Braked towing capacity refers to the maximum weight a vehicle can tow when the trailer is equipped with brakes.  Check the trailer’s owner’s manual for this weight rating.

What Are Axle Ratings?

We recommend reading this article about how to safely load up your vehicle and trailer, in accordance with the axel ratings.

Gross Axle Weight Rating (GAWR) refers to the maximum weight you can safely place on top of a given axle.  There is often a difference between axles.

For example, a Ford truck might list the GVWR as 7350 pounds.  But it may also list axle-specific maximums, i.e., a maximum of 3900 pounds for the front axle and 4150 pounds for the rear axle. 

What does this tell us?   Ensuring a balanced load is critical.  If you ever had to carry an unbalanced load – like a few dozen cinder blocks in your truck bed – you should consult the maximum weight for the rear axle.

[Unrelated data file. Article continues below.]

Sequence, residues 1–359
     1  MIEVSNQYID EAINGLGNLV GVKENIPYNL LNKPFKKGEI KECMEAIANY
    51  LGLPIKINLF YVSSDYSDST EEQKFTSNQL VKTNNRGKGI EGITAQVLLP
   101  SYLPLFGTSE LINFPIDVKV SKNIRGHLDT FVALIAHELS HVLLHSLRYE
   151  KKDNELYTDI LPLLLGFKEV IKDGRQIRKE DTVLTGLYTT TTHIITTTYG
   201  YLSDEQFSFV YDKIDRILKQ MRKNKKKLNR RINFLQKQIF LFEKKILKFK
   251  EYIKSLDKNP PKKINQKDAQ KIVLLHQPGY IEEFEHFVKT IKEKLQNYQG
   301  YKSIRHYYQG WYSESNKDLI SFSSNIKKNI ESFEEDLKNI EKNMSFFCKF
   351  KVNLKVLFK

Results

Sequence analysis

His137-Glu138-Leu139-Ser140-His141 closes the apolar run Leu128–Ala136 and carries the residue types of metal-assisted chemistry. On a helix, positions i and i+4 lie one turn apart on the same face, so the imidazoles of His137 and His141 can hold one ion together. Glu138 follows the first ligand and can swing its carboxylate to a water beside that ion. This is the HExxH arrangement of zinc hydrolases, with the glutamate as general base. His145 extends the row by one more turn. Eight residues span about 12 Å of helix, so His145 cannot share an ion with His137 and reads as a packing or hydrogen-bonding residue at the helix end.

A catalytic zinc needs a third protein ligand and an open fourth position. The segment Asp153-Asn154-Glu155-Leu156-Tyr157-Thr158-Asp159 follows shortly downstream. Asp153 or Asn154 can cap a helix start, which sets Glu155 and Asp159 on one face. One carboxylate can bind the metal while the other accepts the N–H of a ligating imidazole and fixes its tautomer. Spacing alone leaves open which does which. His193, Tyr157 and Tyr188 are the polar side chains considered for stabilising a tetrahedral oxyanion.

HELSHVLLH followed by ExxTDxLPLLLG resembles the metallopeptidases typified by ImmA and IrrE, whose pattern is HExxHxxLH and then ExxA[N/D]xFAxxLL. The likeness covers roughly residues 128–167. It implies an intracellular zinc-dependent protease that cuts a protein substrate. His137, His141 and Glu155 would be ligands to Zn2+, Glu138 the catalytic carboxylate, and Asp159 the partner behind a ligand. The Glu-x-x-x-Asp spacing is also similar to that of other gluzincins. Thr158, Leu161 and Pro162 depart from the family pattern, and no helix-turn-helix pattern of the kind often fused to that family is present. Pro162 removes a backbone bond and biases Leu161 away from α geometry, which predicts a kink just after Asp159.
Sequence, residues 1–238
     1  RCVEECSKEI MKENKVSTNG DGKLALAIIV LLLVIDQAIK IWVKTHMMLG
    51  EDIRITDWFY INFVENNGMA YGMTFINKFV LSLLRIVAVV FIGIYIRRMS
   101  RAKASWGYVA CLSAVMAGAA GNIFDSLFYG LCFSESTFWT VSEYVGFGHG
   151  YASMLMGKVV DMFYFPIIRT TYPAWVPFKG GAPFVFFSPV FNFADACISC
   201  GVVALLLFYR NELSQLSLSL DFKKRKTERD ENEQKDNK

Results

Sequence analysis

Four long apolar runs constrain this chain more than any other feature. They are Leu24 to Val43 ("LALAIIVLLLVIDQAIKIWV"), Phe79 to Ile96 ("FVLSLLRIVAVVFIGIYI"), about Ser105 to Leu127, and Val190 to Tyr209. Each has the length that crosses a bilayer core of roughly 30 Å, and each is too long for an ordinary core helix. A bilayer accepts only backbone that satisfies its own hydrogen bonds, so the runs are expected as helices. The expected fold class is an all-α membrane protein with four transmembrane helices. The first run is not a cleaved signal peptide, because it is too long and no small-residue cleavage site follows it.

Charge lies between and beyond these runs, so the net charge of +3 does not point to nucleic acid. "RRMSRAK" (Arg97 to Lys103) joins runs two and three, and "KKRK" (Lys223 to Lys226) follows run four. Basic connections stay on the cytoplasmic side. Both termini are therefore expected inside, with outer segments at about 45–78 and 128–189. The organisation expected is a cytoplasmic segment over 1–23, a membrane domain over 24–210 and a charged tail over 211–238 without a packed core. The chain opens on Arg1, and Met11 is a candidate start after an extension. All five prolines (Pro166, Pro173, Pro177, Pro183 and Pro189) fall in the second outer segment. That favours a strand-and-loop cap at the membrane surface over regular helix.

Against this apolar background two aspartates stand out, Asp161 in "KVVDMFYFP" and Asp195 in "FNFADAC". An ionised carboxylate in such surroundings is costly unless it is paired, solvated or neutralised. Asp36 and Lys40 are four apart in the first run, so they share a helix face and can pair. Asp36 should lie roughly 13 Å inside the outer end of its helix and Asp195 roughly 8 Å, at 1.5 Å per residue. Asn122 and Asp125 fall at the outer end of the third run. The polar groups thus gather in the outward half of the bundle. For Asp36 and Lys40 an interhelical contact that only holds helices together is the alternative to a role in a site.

Keep it Between the Lines

Towing is dangerous – particularly for those drivers who don’t have much experience.

For safety purposes, truck drivers must undergo a whole certification process to prevent the proverbial “jackknifed big rig” on the freeway. While drivers towing personal vehicles may not need to enroll in a full-blown course, you won’t want to approach towing with a blasé attitude.

Here are all of the towing laws by state, courtesy of AAA.

Finding a Home for Your Trailer

We’ve discussed the best way to store your boat and trailer.

With Neighbor, you can find someone down the street with enough extra space to store your boat

Ask the Pros

When learning how to tow your boat or trailer safely, it’s best to have someone experienced to show you the ropes.  Your investment and physical safety depend on your ability to pull your trailer safely.